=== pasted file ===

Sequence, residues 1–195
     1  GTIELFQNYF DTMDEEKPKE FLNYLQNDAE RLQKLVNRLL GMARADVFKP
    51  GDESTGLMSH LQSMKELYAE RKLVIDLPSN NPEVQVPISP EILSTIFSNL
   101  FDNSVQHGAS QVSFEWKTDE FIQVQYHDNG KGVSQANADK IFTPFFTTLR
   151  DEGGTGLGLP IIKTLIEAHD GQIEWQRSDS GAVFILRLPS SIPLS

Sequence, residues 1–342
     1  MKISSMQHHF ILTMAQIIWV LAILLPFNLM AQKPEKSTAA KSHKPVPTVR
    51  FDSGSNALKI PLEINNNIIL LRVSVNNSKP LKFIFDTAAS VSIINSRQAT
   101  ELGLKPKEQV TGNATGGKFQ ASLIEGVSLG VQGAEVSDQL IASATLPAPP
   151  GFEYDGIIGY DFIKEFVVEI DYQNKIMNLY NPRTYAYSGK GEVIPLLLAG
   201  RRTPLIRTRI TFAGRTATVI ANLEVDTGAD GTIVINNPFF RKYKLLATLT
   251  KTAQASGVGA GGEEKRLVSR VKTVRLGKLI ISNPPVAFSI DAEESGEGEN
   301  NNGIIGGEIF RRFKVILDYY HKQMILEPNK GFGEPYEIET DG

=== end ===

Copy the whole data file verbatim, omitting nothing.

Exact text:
Sequence, residues 1–195
     1  GTIELFQNYF DTMDEEKPKE FLNYLQNDAE RLQKLVNRLL GMARADVFKP
    51  GDESTGLMSH LQSMKELYAE RKLVIDLPSN NPEVQVPISP EILSTIFSNL
   101  FDNSVQHGAS QVSFEWKTDE FIQVQYHDNG KGVSQANADK IFTPFFTTLR
   151  DEGGTGLGLP IIKTLIEAHD GQIEWQRSDS GAVFILRLPS SIPLS

Sequence, residues 1–342
     1  MKISSMQHHF ILTMAQIIWV LAILLPFNLM AQKPEKSTAA KSHKPVPTVR
    51  FDSGSNALKI PLEINNNIIL LRVSVNNSKP LKFIFDTAAS VSIINSRQAT
   101  ELGLKPKEQV TGNATGGKFQ ASLIEGVSLG VQGAEVSDQL IASATLPAPP
   151  GFEYDGIIGY DFIKEFVVEI DYQNKIMNLY NPRTYAYSGK GEVIPLLLAG
   201  RRTPLIRTRI TFAGRTATVI ANLEVDTGAD GTIVINNPFF RKYKLLATLT
   251  KTAQASGVGA GGEEKRLVSR VKTVRLGKLI ISNPPVAFSI DAEESGEGEN
   301  NNGIIGGEIF RRFKVILDYY HKQMILEPNK GFGEPYEIET DG